Program prepares new faculty for NAU

Jennifer Spensieri
Productive Beginnings organizers Alex Alvarez, Astrid Klocke and Larry Gallagher
Productive Beginnings organizers Alex Alvarez, Astrid Klocke and Larry Gallagher

New NAU faculty members are benefiting from a program called Productive Beginnings, expanded this past fall. In addition to attending a one-day orientation, new faculty also can sign up for more in-depth trainings and workshops throughout the school year.

“Many people come right out of graduate school and have never had any training in their disciplines in teaching methodology,” said Astrid Klocke, a humanities professor and president of the Faculty Senate. “Even for people with teaching experience, we want to instill in them the wish to learn more about what they do in the classroom, what the students need and what works best,” added Klocke, who is a Productive Beginnings organizer, along with professor Alexander Alvarez and faculty development director Larry Gallagher.

“We want people to feel like they are part of NAU, that they understand the university, and that they are supported during that first year,” Gallagher said. In addition to being better prepared to teach students, participants also make connections and share ideas with a new faculty cohort.

“Making the switch from a network television producer to an assistant professor was overwhelming, said Toni DeAztlan-Smith, who joined the School of Communication this past year. “The faculty and staff of Productive Beginnings were always willing to provide guidance and that contributed to a successful first semester for me.”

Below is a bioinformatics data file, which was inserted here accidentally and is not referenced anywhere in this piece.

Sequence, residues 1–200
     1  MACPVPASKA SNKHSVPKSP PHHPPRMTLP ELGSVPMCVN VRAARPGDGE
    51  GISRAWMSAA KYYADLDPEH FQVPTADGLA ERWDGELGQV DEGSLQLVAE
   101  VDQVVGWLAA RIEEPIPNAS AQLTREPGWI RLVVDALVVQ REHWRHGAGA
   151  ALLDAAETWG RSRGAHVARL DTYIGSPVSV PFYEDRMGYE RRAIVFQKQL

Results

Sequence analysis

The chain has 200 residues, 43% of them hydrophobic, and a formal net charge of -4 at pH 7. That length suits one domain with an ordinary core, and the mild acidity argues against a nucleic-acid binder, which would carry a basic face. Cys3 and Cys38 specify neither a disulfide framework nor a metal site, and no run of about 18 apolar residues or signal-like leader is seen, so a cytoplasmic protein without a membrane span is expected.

Jennifer Spensieri, new faculty member in the Academic Transition Programs
Jennifer Spensieri, new faculty member in the Academic Transition Programs

Jennifer Spensieri has a teaching background but discovered she had a lot to learn after moving to the university. “NAU is a large institution, and this program helped me have a better understanding when directing students to services and I had people I could contact directly for support.” Spensieri said she appreciated Productive Beginnings presenters, who instead of teaching with PowerPoint presentations, modeled practices they espouse for student engagement, including small group breakout sessions.

At the start of the current school year, about 155 people attended the single day Productive Beginnings faculty orientation. Approximately 35 of those attendees joined the ongoing Productive Beginnings program, a number expected to grow for the 2015-2016 academic year.

“Faculty in this day and age have a lot of different expectations and we want them to be doing things that reflect NAU’s culture of best practices and that meet the needs of our students,” said Alvarez, a longtime professor of criminology and criminal justice. “By the end of their first year, they would have all the knowledge, skills and resources, and they would feel they are part of the NAU community,” Alvarez said.

Facilitators for the program are provided by University College, a relatively new department on campus, which supports high levels of faculty and student engagement. “Productive Beginnings has been positive for the entire campus,” said University College Dean Cyndi Banks, whose college oversees numerous programs and resources for faculty.

Other members of the Productive Beginnings team include: John Doherty, Rosalinda Haddon, Rosemary Logan, Chris Lanterman and John Tingerthal.

Topics for the spring meetings include working with diverse students, universal design, scholarly planning and participating in service on campus.